She was previously an assistant professor in the University of Missouri’s Division of Applied Social Sciences. Prior to that, for nearly 15 years, she served as director of the Food Circles Networking Project and as associate director of the Community Food Systems and Sustainable Agriculture Program for University of Missouri Extension, where she worked extensively with community groups to transform the food system. She has also previously served as a post-doctoral fellow in the Department of Rural Sociology, a Kellogg Food and Society fellow, and helped to create the Greater Kansas City Food Policy Coalition.
Hendrickson has received many awards and honors over the years, including Fulbright Scholar to Iceland in 2020, Excellence in Instruction from the Rural Sociological Society in 2019, Outstanding Senior Teacher from the University of Missouri in 2019, Excellence in Extension and Outreach from the Rural Sociological Society in 2014, Meritorius Service Award from the National Farmers Union in 2012, the Cooperative Service Award from the National Farmers Union in 2002, and the Family Farm Leadership Award from the Missouri Farmers Union in 2001.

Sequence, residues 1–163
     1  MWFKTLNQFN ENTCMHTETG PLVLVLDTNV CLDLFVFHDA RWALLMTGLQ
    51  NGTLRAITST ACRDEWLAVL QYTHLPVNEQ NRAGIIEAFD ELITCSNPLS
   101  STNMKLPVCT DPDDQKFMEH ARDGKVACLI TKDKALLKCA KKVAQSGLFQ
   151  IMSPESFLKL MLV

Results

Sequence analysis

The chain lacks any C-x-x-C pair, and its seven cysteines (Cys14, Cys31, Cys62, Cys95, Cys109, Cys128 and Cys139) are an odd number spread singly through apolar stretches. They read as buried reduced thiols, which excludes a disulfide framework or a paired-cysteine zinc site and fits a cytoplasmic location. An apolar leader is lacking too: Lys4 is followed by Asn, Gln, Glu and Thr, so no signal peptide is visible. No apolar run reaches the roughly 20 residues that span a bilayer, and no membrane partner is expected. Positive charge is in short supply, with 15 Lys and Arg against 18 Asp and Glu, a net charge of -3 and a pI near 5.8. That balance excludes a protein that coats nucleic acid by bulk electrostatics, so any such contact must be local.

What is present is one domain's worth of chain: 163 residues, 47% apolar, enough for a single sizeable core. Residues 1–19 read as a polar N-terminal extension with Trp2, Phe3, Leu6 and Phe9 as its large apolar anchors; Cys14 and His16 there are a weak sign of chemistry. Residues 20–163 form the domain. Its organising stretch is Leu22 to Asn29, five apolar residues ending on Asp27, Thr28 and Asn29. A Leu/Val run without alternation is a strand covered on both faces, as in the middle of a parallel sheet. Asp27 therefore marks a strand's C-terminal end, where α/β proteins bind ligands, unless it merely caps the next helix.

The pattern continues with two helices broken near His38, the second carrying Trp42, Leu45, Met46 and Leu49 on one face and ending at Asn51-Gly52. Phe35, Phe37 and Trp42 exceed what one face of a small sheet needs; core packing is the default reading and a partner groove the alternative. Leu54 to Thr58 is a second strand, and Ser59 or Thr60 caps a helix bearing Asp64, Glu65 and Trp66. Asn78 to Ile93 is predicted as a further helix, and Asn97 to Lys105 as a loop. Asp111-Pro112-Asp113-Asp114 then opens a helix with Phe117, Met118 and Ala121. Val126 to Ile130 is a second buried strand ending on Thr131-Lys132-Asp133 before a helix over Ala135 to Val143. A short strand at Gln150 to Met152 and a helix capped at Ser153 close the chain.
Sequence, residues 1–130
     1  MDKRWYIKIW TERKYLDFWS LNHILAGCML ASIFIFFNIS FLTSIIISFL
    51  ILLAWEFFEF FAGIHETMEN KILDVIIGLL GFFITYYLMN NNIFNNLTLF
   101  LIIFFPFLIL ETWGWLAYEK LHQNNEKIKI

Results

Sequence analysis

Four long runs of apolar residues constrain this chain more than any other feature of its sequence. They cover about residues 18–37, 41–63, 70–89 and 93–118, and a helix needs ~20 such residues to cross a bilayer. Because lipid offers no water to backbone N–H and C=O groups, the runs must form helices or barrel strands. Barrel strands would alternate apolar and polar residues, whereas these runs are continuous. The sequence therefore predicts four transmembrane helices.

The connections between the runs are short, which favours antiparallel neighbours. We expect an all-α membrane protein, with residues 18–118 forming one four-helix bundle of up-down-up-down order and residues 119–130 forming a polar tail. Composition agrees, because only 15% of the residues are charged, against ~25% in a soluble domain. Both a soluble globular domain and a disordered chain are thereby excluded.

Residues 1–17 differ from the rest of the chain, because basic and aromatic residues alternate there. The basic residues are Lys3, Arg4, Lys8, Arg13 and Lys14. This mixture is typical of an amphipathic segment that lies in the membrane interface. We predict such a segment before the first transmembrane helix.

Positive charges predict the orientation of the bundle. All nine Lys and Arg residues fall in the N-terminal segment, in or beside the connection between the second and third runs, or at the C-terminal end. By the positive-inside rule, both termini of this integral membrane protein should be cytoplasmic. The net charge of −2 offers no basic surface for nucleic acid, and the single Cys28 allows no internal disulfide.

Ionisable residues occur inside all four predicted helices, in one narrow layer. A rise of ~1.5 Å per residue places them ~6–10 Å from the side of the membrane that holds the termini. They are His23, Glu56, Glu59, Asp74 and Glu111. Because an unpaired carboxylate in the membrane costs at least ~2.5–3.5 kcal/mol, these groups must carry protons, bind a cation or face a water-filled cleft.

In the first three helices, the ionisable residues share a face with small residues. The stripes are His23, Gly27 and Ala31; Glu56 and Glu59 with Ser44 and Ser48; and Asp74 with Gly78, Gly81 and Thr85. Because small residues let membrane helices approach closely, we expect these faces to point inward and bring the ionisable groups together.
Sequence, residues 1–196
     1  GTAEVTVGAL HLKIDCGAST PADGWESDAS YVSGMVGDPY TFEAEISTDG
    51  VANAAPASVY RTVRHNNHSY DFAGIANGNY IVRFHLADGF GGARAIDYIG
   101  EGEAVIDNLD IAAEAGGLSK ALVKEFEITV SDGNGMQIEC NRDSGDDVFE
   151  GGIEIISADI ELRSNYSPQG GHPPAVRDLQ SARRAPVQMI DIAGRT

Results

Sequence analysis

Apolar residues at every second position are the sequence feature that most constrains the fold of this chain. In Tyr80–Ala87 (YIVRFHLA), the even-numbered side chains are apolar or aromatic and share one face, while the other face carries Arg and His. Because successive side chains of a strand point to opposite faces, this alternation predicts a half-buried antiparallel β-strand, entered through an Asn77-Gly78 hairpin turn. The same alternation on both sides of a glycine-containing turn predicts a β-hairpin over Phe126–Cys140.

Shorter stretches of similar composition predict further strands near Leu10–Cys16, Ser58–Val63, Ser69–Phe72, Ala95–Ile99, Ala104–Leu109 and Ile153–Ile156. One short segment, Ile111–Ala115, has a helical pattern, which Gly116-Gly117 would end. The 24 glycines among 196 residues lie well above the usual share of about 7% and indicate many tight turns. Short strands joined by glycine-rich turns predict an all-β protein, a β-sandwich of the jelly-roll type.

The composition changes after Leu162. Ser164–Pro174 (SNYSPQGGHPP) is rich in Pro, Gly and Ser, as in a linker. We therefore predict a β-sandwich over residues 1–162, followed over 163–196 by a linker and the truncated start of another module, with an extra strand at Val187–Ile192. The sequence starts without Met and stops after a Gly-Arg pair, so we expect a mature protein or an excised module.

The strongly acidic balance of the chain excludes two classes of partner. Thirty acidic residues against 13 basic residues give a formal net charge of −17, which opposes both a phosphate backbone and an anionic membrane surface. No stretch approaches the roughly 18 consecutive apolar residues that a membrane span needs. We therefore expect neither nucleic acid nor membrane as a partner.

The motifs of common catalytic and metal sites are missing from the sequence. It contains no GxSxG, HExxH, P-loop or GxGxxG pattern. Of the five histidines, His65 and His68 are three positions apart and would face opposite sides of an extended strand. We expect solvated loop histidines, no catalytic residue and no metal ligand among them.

She earned a Ph.D. in rural sociology from the University of Missouri in 1997 and a Master’s degree in rural sociology from the University of Minnesota in 1994.
Francis Thicke is a long-time dairy farmer, soil scientist, and leader in the organic community.
For 30 years, Thicke has owned and operated Radiance Dairy, a 736-acre grass-fed organic dairy farm in Fairfield, Iowa. With his wife Susan, they locally market value-added organic bottled milk, cheese, and yogurt, which they produce on their on-farm processing plant. This innovative farm also uses alternative energy systems and an integrated grazing system to manage livestock ecologically.